“You’ve spent your time in seminary developing your voice, now it’s time to see what you do with it.”-Wayne Meisel
I graduated on May 17, 2014 with a Master of Divinity. Only a week prior had I decided that I would stay to study another year at Union. With the promise of working with faculty members who have changed my life, and encouraged on a new academic trajectory, I was excited to walk across the stage with enough certainty to celebrate the accomplishments of finishing a masters, and enough faith that the other details of my life will fall into place—like, how I’ll pay rent.
About the time of graduation I was asked if I wanted to participate in the New Faces of Ministry Tour. I had no idea what it meant or what it would ask of me; I just said “yes.” To the surprise of my boss, I asked no critical questions. There are many times in my life when my spirit intercepts the analysis of my brain and makes a verbal agreement—usually an agreement that makes no “logical” sense at the time. I quickly learned that the tour I agreed to participate in would mean me traveling around with another recent seminary grad to talk with folks at camps and in service corps about their commitments to service and how their faith informs such a commitment. From New York to Ohio we would drive, stopping along the way to introduce ourselves to teams of staffers and camp directors, and listening to stories about why people care enough about others, and themselves, to serve. The following week I met Sammie, a recent Princeton grad and my travel partner. With only a week before our departure date we were both relieved that we clicked right away. One’s mind needn’t be filled with the scenes from ridiculous movies to imagine the myriad ways that a road trip with a stranger could go awry. So, together we left. Prepared with a list of meetings scattered through four states, smartphones with Google Maps, car chargers, and playlists to last for days, Sammie and I have embarked on a unique journey.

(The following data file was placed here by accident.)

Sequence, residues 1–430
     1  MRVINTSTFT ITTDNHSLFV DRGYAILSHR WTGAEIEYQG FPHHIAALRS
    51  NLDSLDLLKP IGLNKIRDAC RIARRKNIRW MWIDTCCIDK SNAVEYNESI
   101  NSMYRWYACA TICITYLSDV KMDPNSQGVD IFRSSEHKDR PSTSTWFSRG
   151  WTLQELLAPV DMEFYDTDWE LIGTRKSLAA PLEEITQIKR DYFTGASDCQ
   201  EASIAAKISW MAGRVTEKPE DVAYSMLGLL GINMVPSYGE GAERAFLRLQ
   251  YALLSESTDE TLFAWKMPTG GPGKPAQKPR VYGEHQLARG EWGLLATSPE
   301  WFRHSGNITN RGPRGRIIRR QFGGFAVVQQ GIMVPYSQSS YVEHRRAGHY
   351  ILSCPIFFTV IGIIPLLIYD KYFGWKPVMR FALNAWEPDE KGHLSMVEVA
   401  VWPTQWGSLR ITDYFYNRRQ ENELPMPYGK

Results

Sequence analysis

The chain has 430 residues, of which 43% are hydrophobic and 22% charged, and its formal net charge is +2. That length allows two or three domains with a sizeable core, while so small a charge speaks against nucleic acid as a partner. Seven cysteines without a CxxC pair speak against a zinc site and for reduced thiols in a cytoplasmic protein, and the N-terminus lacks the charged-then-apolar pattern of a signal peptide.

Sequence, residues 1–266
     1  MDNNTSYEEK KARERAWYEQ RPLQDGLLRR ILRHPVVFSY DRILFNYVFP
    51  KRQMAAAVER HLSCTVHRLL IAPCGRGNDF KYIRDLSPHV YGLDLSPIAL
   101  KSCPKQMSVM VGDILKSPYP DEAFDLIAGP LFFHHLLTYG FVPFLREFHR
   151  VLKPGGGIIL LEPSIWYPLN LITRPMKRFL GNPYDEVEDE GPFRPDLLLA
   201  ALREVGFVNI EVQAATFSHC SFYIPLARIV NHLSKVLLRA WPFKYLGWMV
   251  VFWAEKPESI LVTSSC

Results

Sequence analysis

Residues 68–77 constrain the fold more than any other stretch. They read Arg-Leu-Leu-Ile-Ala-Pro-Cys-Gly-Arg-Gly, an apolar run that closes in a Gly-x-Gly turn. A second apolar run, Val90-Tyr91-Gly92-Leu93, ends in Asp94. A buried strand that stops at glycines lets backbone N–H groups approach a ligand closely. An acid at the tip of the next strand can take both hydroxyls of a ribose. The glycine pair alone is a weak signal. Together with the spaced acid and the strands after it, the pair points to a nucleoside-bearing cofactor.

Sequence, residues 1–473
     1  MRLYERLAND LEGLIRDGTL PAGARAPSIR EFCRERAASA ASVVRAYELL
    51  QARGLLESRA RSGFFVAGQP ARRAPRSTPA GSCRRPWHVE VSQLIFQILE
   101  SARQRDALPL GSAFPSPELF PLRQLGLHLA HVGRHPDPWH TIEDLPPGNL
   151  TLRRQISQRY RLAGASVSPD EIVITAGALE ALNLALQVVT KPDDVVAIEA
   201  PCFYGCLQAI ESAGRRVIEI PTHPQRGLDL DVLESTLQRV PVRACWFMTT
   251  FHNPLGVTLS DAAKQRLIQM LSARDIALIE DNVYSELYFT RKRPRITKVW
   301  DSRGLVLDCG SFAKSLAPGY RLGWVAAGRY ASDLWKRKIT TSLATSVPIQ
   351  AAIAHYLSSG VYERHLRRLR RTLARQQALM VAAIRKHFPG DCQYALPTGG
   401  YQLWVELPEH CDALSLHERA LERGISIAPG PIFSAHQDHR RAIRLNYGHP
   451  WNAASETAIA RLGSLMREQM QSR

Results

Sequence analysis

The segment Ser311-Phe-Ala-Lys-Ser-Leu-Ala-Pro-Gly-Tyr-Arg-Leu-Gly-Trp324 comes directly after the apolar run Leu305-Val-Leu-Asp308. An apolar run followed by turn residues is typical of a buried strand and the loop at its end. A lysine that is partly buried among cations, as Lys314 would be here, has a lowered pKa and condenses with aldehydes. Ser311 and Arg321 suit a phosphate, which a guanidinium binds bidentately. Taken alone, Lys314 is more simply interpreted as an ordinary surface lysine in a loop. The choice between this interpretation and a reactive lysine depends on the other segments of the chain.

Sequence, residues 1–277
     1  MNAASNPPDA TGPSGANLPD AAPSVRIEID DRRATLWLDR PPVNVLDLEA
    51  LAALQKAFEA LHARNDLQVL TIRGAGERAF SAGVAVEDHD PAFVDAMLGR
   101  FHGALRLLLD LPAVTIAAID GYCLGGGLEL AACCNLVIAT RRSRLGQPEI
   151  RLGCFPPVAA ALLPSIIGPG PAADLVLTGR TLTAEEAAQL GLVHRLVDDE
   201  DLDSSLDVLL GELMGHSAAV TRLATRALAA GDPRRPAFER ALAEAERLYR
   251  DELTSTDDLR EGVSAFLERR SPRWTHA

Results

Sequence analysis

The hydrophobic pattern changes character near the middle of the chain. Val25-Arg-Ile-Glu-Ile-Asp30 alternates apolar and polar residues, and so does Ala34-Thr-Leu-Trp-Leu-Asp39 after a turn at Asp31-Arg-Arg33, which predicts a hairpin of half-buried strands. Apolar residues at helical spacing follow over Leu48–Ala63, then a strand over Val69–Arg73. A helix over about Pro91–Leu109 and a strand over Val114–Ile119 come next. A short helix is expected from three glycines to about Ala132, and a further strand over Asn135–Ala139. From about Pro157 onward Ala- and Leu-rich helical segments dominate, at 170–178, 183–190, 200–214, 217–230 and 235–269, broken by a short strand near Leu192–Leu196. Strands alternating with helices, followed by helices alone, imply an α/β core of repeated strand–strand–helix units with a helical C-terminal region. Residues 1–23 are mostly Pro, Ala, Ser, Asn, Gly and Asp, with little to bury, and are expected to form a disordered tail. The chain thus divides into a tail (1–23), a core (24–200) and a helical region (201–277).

It’s the newest trend in “church talk”…the anxiety and fear of dying and becoming irrelevant in a world that is so obviously in need of love and healing. What this conversation has been lacking is the insight into the evolutions of church. We hear whispers of the new ways of doing church. People meeting in coffee shops and bars, ordaining their own leaders, moving worship out of the sanctuary and into the streets where the people are. It is becoming clearer that what looks like a decreasing interest in church may actually be an increasing interest in meeting others in practical and meaningful ways. The New Faces of Ministry Tour sets out to meet with summer camps and service corps to participate in a changing understanding of what “ministry” means. In pairs, we’ll traverse different regions of the Midwest and East Coast to lead workshops that reveal these new ways of understanding how service and faith intersect to cultivate ministry. We’ll lead devotionals with the hope of connecting with staff teams and, together, learning how we can support one another in the work we commit ourselves to. Primarily, we’ll be traveling to listen to stories, in order to experience the sacred texts being created in the daily lives of the neighbors all around us, always produced and rarely published. We will, inevitably, learn that the “new” in all of this is really the “unveiling” of the world we’ve been called to serve.
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